The theme of the Walker Art Center’s exhibition “The Quick and the Dead” got personal, quickly, when I observed that an On Kawara date painting near the entry was the same date as an uncle’s birthday. Made by Kawara to mark the passage of time, the ongoing series implies its own end in the artist’s death, just as birthdays imply to many of us that there are only so many left. This exhibition announces its’ intentions to examine The Big Questions of Life at the outset in the title, but coincidence, along with the work on view, brought this home in an obvious and poignant way.
The exhibition title utilizes a Biblical phrase from the King James Version of the Bible, and the introduction of the exhibition guide acknowledges that in addition to science and philosophy, “religion . . . help[s] us explore that which transcends or exceeds everyday experience.” Interestingly, religion makes almost no other appearance, instead the emphasis here is on science and philosophy as ways of knowing and transcending. While a few galleries away are abstract expressionist artworks exploring notions of transcendence, this exhibition is comprised mostly of conceptual art, a mode of production that works well with an epistemology of science and philosophy. The emphasis on conceptual art makes this a cerebral show with slight objects that have large implications. No doubt casual visitors to the Walker who are unfamiliar with conceptual art will be slightly off-put by the exhibition, which leads to the slightly humorous concession in the guide that “[c]onceptual art can seem to demand a lot from us as viewers.”
Kris Martin. Still Alive. 2005. Silver-plated bronze; edition 5, 1 AP one-to-one of the artist’s skull. Edition 5 + 1 AP. Collection Andrea Welschof and Volkmar Kölsch, Bielefeld, Germany. Courtesy Sies + Höke, Düsseldorf. Photo: Achim Kukulies, Düsseldorf.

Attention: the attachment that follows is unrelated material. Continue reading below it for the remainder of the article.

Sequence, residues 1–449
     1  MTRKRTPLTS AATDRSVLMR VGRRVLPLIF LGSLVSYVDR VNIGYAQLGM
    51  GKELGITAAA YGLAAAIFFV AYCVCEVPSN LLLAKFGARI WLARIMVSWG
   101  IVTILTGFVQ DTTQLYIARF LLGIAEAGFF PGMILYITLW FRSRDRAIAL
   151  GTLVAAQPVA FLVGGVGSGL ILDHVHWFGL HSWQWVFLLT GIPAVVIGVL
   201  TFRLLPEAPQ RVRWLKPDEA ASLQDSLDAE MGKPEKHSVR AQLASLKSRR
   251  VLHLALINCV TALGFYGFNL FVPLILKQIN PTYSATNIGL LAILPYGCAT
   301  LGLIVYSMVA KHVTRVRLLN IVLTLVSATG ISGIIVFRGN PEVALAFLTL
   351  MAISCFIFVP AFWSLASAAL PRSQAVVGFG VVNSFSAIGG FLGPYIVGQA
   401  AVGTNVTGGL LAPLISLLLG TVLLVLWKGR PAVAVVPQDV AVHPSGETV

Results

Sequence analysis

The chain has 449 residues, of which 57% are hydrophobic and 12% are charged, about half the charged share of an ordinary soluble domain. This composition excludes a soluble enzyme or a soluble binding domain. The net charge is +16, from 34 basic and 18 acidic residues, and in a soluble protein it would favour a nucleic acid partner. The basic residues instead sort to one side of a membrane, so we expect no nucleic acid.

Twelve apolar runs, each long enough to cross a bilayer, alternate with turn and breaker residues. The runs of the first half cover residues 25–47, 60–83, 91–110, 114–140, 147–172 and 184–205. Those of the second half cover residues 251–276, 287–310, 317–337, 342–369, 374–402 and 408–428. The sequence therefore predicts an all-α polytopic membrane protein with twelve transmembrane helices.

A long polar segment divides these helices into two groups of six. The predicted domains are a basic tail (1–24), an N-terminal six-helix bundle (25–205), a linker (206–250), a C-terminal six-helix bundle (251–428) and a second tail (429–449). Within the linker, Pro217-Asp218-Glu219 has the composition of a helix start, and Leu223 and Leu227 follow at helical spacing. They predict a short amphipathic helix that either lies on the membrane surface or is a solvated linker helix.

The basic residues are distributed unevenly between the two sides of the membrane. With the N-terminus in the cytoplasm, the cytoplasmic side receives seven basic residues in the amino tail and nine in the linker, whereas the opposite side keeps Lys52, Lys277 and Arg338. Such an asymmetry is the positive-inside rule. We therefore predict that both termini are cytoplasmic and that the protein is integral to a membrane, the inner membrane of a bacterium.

From the initial Kawara date painting that greets visitors, time and our existence within it, becomes a primary subject for the works on view. While Kawara recorded time in paint, other artists consider their place within it and what happens after they cease to exist in it. Kris Martin’s Still Alive (2005, above) on view nearby could reference Kawara who in the 1970s sent out telegrams to his friends bearing the notification “I am still alive,” and most certainly references the memento mori tradition, a skull placed within a painting as a reminder of one’s mortality and the fleeting nature of earthly pleasures. However Martin creates this skull in a way that could only be done in our current era. Using medical-imaging technology, Martin made a three-dimensional scan of his skull; from this, he was able to cast a to-scale bronze of his skull. If looking at an anonymous skull is a reminder of mortality, then looking at one that you know to be yours must be quite unsettling. After the revelation wears off one notices how impersonal this very specific skull is; a skull is a skull, and to the living they all look the same.
Maurizio Cattelan, Untitled, 1998. Taxidermied dog, life-size. Promised gift of Virginia and Bagley Wright in honor of the 75th Anniversary of the Seattle Art Museum. Courtesy the artist and Marian Goodman Gallery, New York, and Galerie Emmanuel Perrotin, Paris/Miami.
Elsewhere in the exhibition Maurizio Cattelan’s Untitled (1998, above), takes up the issue of mortality. Placed in a corner next to a doorway is a taxidermied dog, curled up as if in rest. In both form and placement it is meant to be mistaken momentarily for a real, living dog, but the illusion lasts only for an instant. The kitsch quality of the object is evocative of how we hold onto things we know cannot last or have long since passed, and should let go of. Stuffed dog or skull, nothing lasts forever.
The function of art is many-fold. It can be about visual stimulation, as exemplified elsewhere at the Walker, and it can be about mental stimulation, as exemplified in this exhibit. Art can even be both at the same time, despite some critics’ claims to the contrary. Avoiding cliche, the work on view attempts to express our eternal human questions about existence in terms of our own current era. “The Quick and the Dead” gathers artists and works that are asking the questions without pretending to have the answers.
(All images courtesy of the artists and the Walker Art Center)